BAYNK - Adolescence Music Album Reviews

BAYNK - Adolescence Music Album Reviews
Pushing beyond his playlist origins, the New Zealand producer’s debut album revels in eccentric details while adhering to traditional pop structures.

Like so many electronic artists in the mid ’10s, New Zealand’s BAYNK (Jock Nowell-Usticke) got his start making chill, pop-adjacent songs that seemed primed for placement in mood-based playlists. His early attempts at surf-bro EDM sounded like what Kygo and LeMarquis were putting out on SoundCloud at the time; he used his voice sparingly, mainly as material to be sampled. In the years since, though, he has refined his palette. On 2017’s Someone’s EP I and 2019’s Someone’s EP II, his percussion took on the rhythmic impulse of Four Tet, and his rubbery basslines and glossy experimentalism were reminiscent of early Cashmere Cat and Flume. Using his Auto-Tuned falsetto to further texturize his songs, BAYNK’s fusion of house, R&B, and pop soon set him apart from the many similar acts scattered throughout the scene.

Adolescence is BAYNK’s most meticulous work to date. It revels in eccentric, distinctive details while adhering to traditional pop structures. Most arrangements consist of grainy synth loops, plucky subs, and house-inspired drums; his digital sounds are drenched in reverb and slapped with sidechain. On the Cosmo’s Midnight-assisted “How Does it Feel?” languid synth pulses and a funky bassline give way to some of the sharpest vocal melodies on the album. “Remember,” which features Rainsford, exhibits BAYNK’s talent for peeling a heavily layered song back to its component parts before climaxing into an ecstatic yet graceful drop. This is dance music for headphones, club music for late-night walks.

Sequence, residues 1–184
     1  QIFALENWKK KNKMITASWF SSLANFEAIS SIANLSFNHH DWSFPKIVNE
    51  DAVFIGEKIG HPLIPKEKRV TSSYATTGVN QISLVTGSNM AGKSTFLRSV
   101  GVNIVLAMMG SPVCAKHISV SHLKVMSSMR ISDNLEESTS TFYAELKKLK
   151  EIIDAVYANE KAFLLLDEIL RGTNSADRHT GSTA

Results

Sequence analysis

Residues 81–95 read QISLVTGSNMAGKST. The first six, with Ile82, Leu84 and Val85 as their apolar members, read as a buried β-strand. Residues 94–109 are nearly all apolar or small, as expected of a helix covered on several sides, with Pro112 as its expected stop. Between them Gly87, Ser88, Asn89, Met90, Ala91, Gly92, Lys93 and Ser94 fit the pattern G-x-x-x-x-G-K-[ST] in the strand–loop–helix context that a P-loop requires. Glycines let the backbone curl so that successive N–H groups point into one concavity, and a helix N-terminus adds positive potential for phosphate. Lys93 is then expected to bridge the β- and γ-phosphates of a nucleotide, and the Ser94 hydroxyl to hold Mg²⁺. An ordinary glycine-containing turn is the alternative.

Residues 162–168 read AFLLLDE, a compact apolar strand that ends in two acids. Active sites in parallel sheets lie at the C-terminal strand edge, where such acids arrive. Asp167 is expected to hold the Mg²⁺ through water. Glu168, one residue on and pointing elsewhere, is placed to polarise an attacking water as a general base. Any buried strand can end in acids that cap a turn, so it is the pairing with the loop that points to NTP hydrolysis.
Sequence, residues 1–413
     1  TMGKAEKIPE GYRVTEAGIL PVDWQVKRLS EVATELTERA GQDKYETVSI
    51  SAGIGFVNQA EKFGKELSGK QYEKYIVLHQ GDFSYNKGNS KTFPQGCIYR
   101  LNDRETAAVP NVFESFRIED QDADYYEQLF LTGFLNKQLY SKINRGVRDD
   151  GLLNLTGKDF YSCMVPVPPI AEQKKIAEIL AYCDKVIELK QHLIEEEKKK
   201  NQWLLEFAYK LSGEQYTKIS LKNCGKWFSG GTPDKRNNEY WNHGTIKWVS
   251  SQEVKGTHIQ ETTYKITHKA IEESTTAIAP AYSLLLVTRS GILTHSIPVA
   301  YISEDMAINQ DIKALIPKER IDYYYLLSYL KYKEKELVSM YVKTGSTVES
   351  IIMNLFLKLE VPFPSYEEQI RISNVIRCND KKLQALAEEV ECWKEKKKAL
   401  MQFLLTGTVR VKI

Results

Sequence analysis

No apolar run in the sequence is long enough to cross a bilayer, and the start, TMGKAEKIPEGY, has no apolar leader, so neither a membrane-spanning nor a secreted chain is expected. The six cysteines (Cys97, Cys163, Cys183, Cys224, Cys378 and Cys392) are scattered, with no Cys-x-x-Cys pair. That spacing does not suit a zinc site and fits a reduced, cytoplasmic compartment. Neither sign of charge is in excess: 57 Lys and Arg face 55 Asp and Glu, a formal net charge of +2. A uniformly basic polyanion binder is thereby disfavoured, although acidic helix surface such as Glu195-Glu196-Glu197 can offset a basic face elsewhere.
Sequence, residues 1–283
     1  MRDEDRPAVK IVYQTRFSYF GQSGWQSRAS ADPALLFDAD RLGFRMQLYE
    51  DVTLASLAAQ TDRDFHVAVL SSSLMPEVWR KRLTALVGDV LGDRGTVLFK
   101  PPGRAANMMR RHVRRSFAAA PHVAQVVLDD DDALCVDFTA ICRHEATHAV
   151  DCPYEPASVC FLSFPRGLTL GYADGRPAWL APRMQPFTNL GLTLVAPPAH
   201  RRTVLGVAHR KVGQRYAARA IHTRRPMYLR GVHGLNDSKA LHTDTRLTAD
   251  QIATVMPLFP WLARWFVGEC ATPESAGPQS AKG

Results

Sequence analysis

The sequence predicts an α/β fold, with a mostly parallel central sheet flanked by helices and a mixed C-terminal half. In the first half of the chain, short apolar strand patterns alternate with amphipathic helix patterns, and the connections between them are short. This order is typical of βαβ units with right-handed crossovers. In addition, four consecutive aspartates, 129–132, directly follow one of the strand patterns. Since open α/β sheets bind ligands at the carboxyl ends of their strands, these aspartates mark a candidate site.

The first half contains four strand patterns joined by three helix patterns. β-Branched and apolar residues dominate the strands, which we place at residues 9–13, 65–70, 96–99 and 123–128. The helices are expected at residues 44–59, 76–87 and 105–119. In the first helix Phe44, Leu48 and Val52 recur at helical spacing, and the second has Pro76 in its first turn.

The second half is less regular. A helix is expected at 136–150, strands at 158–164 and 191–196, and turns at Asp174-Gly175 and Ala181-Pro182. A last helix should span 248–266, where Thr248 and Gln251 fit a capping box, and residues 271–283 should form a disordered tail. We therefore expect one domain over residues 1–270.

The best songs on Adolescence bend toward straightforward pop formulas and, tellingly, include non-electronic instruments. “Mine” is led by quiet piano and spacey guitar, while standout “Naked” blends acoustic elements and electric bass with shimmering synths. BAYNK gives his best vocal performances here: “I feel your hand on my knee/It kinda feels like you're mine,” he nearly whispers on “Mine,” evoking the warm upper register of Whitney’s Julien Ehrlich. He’s not a great singer, as Tinashe makes plain when she steals the show on “Esther”; he scrubs clean his imperfections with layers of automation, delay, and reverb. Still, BAYNK has a keen ear for melody and knows his limits, wisely ceding the mic to guests while he works the boards.

The album is nominally a concept record about the immediacy of youth and romantic first experiences. “I went through this period of not being able to write anything,” BAYNK told Apple Music. Being in a “stable and happy relationship” wasn’t conducive to inspiration, so to get around his writer’s block, he returned to the creative cocoon of “first love.” Lyrically, the album is imagistic and vague, depicting half-baked scenes of lying in the sun, holding hands in a car, and walking through fields. The narrative never coalesces into anything meaningful, and its emotional pull wanes quickly. First love invigorates but rarely sustains; it’s BAYNK’s elastic and original production that propels the album forward, the pulse of the beat begging us to feel something beyond recognition.

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About Wanni Arachchige Udara Madusanka Perera

Hey, I'm Perera! I will try to give you technology reviews(mobile,gadgets,smart watch & other technology things), Automobiles, News and entertainment for built up your knowledge.
BAYNK - Adolescence Music Album Reviews BAYNK - Adolescence Music Album Reviews Reviewed by Wanni Arachchige Udara Madusanka Perera on March 31, 2022 Rating: 5


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